When Professor’s Fall..

My mother is an academic professional.

Professor

She’s one of those people with so many academic distinctions that you begin to wonder what you’re doing with your life. Especially people, like me, who are very anti-school.

Don’t get me wrong, I’m not saying education is pointless. I’m just against the current structure of the institutions through which education is disbursed. And I have been since I was old enough to pull an Encyclopedia off a shelf by myself.

This attitude only got worse once Encarta 95 found its way into the library and the 98 edition landed in our house. By the time I was toggling between Altavista and Google, I was barely listening to teachers.

They had this syllabus that was engineered to evenly distribute a set amount of specific information to a large group of students. Booooring. Every chance I would get, I was plucking books off shelves that had nothing to do with what I was being taught. I was reading my older brother’s literature novels and – and this is not a joke – even reading dictionaries cover to cover. I actually once started writing one.

Just because class was boring.

At least at the time I thought it was. At that age, I thought fairly little of teachers. But somehow regarded professors highly because of my mother. You see, she’s the one that kept feeding me books and unleashing me into libraries. She’s the one that bought Encarta when we really couldn’t afford it. She’s the one that encouraged my random reading and let me lose in her labyrinth of books – a bookcase in the house.

Which is where I saw Mazrui’s name for the first time.

Prof Ali Mazrui

There are 2 reasons I remember his name. First, it is because it was repeated on the spines of so many books that I began to pull them out to verify whether or not I was looking at multiple copies of the same book. I was not.

The second reason is because it was the first time a book made me feel stupid. I sat down and tried to read the first book and failed. It was entirely too much to comprehend for a prepubescent iCon. So I left it alone and that was that.

Until a decade later, when I had the great fortune to head out to New York for some seminar on Islam and Terrorism. The melodic Swahili accent was strong, and the calm and steady pace with which he was addressing us grabbed my attention and didn’t let it go until it was eased to a place of greater understanding. That man summed up in a few words what the rest of the panelists would yap about for the next 2 hours.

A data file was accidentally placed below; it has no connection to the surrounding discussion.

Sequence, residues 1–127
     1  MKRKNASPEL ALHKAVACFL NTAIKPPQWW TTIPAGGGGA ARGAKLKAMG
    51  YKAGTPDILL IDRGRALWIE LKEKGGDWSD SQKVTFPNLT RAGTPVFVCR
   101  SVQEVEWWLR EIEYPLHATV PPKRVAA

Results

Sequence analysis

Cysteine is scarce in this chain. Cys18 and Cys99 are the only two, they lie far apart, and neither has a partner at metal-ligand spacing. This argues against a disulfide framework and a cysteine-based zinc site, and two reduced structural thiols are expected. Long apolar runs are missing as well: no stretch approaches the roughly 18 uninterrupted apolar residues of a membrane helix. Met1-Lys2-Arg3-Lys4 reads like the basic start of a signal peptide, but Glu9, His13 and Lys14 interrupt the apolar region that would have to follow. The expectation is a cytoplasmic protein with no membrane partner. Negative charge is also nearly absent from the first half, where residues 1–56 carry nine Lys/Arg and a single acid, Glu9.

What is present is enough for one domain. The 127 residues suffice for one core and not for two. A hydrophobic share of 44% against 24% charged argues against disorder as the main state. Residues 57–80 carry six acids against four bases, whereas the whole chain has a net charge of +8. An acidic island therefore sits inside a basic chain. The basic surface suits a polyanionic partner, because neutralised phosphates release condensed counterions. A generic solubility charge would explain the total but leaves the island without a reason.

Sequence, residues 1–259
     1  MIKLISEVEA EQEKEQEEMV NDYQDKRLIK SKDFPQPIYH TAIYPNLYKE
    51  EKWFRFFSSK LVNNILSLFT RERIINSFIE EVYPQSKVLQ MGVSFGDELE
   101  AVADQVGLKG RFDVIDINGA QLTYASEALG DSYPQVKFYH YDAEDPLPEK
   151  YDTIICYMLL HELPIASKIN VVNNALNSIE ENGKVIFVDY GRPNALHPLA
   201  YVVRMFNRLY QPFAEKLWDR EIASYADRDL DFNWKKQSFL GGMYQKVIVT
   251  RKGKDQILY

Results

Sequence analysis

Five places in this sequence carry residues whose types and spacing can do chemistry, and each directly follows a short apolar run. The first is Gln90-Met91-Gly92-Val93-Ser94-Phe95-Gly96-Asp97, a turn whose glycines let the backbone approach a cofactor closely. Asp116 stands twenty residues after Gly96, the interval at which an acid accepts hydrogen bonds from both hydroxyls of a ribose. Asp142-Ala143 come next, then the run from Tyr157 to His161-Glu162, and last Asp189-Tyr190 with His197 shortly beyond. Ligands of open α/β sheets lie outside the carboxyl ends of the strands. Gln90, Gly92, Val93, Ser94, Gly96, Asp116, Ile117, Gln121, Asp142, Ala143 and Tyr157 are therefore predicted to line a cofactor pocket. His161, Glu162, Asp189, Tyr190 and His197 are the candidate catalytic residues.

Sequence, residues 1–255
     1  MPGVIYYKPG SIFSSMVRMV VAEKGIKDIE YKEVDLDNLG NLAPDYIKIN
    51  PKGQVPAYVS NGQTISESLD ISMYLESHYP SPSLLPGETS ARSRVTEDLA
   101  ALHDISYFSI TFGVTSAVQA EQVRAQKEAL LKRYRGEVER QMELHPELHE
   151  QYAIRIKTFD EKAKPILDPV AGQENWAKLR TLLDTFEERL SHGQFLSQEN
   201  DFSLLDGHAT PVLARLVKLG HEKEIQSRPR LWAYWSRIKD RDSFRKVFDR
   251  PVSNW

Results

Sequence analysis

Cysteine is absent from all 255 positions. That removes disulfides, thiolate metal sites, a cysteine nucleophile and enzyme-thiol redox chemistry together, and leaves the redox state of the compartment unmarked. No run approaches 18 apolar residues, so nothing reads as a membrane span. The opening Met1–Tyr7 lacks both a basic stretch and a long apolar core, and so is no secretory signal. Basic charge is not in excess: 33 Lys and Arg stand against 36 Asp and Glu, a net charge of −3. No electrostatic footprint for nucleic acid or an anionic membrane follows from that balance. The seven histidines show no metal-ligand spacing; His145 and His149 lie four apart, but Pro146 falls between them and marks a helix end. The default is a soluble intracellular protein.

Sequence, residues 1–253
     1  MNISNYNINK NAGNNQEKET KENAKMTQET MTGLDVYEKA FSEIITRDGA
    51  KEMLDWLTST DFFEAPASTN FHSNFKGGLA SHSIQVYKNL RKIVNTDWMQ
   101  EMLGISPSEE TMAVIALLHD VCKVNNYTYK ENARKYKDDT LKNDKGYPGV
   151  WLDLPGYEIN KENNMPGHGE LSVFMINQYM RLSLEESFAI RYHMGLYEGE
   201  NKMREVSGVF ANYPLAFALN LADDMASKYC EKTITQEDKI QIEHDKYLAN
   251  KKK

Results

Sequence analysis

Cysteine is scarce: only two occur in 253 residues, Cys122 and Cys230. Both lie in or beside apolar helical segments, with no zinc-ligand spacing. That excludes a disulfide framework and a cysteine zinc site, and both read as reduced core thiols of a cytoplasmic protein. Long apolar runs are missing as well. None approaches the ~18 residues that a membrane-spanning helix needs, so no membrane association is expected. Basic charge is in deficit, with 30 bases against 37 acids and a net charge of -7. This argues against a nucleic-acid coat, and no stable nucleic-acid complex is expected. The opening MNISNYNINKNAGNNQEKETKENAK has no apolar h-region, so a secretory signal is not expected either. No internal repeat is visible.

And I can’t recall what those few words were. But I can’t forget buying two of his books, looking at my bookshelf thereafter and remembering my mother’s.

That was when I got a deep interest in Kenyan intellectuals; especially those in the US. Every other university I visited (and I traveled A LOT) I would find a professor named Odhiambo here, a lecturer named Kamau there; a Head of Department from Kisumu, and sometimes, occasionally, on the walls of fame, I’d see a name on a plaque of distinction that was distinctly Kenyan with a place of birth that made me homesick.

So many names and faces that I can barely remember, that will never be acknowledged locally.

My mother still keeps a massive collection of books, a lot of those are still fellow Kenyans. Mazrui’s tomes still stand out by their numbers and if I’m honest, like many Kenyans, I don’t think I acknowledged the man’s greatness enough.

But one thing I do acknowledge now that I didn’t when I was younger is the invaluable contribution of the scholars we neglect. I understand now why teachers wanted us to understand the basics and why professors insist on us creating original regurgitations of already existing facts. The pursuit of knowledge is not a simple journey, nor is it for the faint-hearted. It is a selfless endeavour to better your society through yourself.

Prof ali Mazrui

Which is why I was sad when the good Professor Ali Mazrui passed away. I could list his laurels and awards, accomplishments and regals in a shallow attempt to justify why you should mourn him too. I could copy paste all the amazing things that Prof. Mazrui has done and contributed to the worlds of academia, the understanding of Africa in a globalising world, or to demystify Islam in a world driven by terrorism.

But I’d rather not.

I’d rather challenge you to do two things. The first is to watch one of his interviews, read one of his articles, discover one of his books, learn more about one of his passions. The second is to share that knowledge earned with someone else.

Professors are the vessels through which so many of us attain the knowledge behind the power we aim to change the world with. When they fall, it is our duty to pass that knowledge forward and keep their legacies and sacrifices alive.

May you rest in eternal peace, Mwalimu. May your legacy live long and your family stand proud.
نَّا لِلّهِ وَإِنَّـا إِلَيْهِ رَاجِعونَ‎

The Man Under The Elephant

I’ve waited to write this.

The last time I went to Westgate was exactly a week before the famed attack the mall is now associated with. When I say exactly, I mean exact, down to the hour.